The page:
He asked for help from the FAA, which operates the AWOS or “automated weather observing station” system, and the National Weather Service, which has the ASOS or “automated surface observing station” system.

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UAF photo by Leif Van Cise.
A computer screen at Wright Air Service in Fairbanks displays a map of northern Alaska with icons marking the locations of the Federal Aviation Administration’s weather cameras.

“Each one of those AWOSs and ASOSs in those villages have a little enclosure, and it's got a little door you can go inside,” Buckingham said. “And when you get inside, it's at least warm … and it's got power.” And a phone line.

The agencies agreed to share the space and connections.

Buckingham searched for a few ideal automated station locations across central and western Alaska, flying himself in rented planes and on small air services that liked his project. 

“After having gone to about 30 villages, I landed on three — Kaltag, Ruby and Anaktuvuk Pass,” he said.

Once he had the cameras up and connected, Buckingham spent about seven months operating and maintaining them. GCI donated 100,000 minutes of free telephone time that allowed him to call the modems in Kaltag, Ruby and Anaktuvuk Pass and download photos.

“I learned a lot of things in the process,” Buckingham said. “Like when a bad storm comes through, all of a sudden there's ice all over your enclosure lens and it can't see anything. Sometimes power was an issue. Sometimes the modems had to be reset.”

Buckingham eventually received a patent for the system. However, since he was working as an Army officer when he built the system, the patent was split with the U.S. government, so the FAA can use the design freely, he said. He receives no income from it.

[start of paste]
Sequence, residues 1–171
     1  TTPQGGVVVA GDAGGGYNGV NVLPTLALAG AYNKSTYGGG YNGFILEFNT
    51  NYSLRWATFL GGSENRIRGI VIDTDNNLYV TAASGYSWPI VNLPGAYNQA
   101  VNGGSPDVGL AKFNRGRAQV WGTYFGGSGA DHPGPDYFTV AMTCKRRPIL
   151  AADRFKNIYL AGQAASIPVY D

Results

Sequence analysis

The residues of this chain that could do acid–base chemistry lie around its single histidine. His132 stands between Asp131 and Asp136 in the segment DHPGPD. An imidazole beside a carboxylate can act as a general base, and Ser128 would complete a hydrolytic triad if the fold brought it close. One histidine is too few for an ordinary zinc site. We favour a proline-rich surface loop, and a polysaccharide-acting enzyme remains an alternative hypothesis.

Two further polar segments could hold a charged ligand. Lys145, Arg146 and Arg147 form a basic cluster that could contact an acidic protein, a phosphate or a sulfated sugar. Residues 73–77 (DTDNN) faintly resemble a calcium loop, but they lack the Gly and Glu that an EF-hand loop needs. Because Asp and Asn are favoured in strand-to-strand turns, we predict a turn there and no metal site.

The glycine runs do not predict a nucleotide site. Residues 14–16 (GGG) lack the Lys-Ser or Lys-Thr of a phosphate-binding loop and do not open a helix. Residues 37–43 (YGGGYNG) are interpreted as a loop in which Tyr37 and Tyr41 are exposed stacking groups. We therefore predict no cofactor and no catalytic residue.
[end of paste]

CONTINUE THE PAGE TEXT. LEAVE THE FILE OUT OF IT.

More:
After the system was done, West Point was calling, so Buckingham had to finish his dissertation and move on. 

He met with the FAA regional administrator and some employees in Anchorage.

“I briefed the whole thing to them, told them what I had done, the money that I'd spent, where it came from, the images, and how it worked — and they were very happy with it,” he said.

So he turned the system, which he had dubbed FlightCam, over to the agency and left Alaska.

But he would be back.

Safety and efficency

Tom George, the former UAF researcher who may have given Buckingham the initial idea to develop the weather cameras, often flies from Fairbanks to Anchorage or beyond in his Cessna 185. He recalled being stopped by unexpected bad weather in Broad Pass in the days before aviation cameras.

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Photo courtesy of Tom George.
Tom George.

“One of those times, I had to turn around, fly back to Fairbanks, get in my car and drive for 12 hours straight to get to Kenai, which is where I was trying to go that day,” he said.

Today, cameras cover much of the sky along the route. 

“I've pretty much eliminated times when I had to turn around and come back,” he said. “I either can tell in advance, ‘Don't bother even trying.’ Or ‘Drink another cup of coffee and give it a couple hours.’ Or yeah, ‘Good to go.’”

Besides adding efficiency, the system improves safety, he said. 

“It's fairly well known that once you take off to go somewhere, there's a tendency to want to try and make it, as opposed to turning around and coming back,” he said. “And that's where we often see a lot of accidents.”